My Host Agency Isn’t Paying My Commissions
By Tom Ogg
In these challenging economic times it seems everyone is having difficulty making ends meet. Uncertainty in our own economy, worldwide fear of financial, political and civil unrest is enough to temper even the most aggressive and well capitalized businesses. It is hard to watch the news, read a paper, surf the web or listen to a radio program without being reminded of the coming economic debacle of one kind or another. Natural disasters like hurricanes, fires, earthquakes and tsunamis appear like daily events and it seems that war is everywhere. To make matters worse, travel industry fraud attempts are rampant. Stolen credit card airline ticket scams affect every agent in our industry. Host agencies are plagued by GDS access scams, fraudulent transactions and downright incompetency.
It shouldn’t come as a surprise that everyone needs to pay close attention with whom they do business.
Recently there has been a seemingly deluge of agents complaining that their host agency is having difficulty paying them the commissions that are due them. It is a difficult situation because the agent has a working relationship with the host and wants to continue believing that they are going to be paid. So, I thought I would share a wealth of experience on this topic in a way everyone can use to take action when this occurs.
Understand the Host Model Cash Flow: Host agencies act as clearing houses for their agents. The agents do the work and commissions are paid to the host for settlement with their agents. While each host is different, there is no host that will pay a commission before they have received it from the supplier. This is sometimes the cause of a dispute between an agent and a host.
But, if the host has received the commission and isn’t paying you, guess what? The host is having financial difficulty. Continuing to book with a host that is not current paying commissions to their agents is like throwing money away. Don’t do it!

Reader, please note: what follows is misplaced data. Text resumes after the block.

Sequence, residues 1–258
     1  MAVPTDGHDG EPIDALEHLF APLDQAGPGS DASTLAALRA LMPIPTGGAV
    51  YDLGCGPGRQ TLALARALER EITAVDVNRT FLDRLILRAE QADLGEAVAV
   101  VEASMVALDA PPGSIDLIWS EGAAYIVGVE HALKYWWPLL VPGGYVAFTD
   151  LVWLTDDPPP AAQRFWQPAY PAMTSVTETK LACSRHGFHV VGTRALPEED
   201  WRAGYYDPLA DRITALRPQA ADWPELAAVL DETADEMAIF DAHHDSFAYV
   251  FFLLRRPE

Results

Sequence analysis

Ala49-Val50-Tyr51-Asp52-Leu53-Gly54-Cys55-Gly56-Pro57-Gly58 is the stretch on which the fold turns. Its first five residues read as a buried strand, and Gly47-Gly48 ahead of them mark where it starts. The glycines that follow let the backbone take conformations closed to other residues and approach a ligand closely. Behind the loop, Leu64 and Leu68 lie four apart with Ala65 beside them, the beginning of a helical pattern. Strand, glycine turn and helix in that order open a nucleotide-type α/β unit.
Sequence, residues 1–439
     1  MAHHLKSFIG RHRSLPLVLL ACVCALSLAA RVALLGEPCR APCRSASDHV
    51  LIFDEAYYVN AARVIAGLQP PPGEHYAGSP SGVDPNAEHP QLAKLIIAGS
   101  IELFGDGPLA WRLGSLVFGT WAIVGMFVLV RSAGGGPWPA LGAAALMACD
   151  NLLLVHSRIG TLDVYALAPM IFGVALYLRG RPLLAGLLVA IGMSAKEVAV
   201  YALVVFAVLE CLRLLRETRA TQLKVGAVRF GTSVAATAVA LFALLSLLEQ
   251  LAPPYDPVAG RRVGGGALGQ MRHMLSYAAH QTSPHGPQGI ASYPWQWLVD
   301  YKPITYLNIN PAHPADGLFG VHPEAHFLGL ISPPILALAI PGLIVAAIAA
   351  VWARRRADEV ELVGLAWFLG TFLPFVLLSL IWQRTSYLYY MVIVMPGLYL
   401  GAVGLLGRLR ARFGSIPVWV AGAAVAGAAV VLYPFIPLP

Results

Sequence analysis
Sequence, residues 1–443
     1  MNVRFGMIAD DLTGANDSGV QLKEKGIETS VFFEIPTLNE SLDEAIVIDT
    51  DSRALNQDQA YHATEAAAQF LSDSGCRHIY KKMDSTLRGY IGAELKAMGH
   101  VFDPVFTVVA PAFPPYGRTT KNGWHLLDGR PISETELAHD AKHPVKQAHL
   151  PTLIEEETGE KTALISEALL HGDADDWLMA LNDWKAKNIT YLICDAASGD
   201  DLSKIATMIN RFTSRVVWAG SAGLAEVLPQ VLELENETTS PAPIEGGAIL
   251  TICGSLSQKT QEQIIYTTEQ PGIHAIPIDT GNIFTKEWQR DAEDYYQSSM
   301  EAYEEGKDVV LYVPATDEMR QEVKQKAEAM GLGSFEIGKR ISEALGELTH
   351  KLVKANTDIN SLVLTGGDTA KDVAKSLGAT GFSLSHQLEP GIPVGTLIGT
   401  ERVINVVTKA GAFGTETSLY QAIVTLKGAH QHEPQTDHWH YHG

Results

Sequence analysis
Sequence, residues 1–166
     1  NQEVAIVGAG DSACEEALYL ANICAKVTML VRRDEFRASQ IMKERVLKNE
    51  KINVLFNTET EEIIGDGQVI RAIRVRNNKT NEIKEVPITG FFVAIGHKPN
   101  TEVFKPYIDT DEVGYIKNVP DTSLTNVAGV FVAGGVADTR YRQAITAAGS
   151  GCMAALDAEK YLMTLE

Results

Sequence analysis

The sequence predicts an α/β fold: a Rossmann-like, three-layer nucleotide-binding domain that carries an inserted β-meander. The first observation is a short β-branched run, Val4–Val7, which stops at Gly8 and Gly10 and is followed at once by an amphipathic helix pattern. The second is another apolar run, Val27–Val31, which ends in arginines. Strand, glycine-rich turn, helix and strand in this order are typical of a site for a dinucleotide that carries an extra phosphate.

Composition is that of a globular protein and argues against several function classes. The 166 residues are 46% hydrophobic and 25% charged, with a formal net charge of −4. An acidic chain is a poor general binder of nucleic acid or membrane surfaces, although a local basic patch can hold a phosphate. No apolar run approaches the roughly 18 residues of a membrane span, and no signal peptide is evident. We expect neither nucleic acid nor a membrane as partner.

Pay Attention When Deciding on a Host Agency: This one drives me nuts. There was recently a “host agency” whose principles had been involved in a failed MLM and God knows what else. This “host” was vilified by those in the industry that knew of their past, yet the “host” was able to convince agents that they could earn 100% commission and that they were taking over the industry by storm. Of course, thousands of agents got burned for hundreds of thousands of dollars. It came as no surprise to those that warned agents time and time again.
Our industry has some well capitalized, efficient and reputable host agencies. stick with them. I maintain a list of quality host agencies at www.HomeBasedTravelAgent.com. Stick with these hosts. Understand that the trade associations do not qualify host agencies. A quick look at the hosts that belong to the associations will reveal several who are currently in arrears with their agents. All the host has to do is pay the membership fee to belong to the association. In the most recent discussion on www.TravelProfessionalCommunity.com regarding a host agency that was not paying commissions, the agency was a member of all the associations. If you belong to one of the associations and see a host agency that has a problem, file a complaint with the association and demand that their membership be suspended.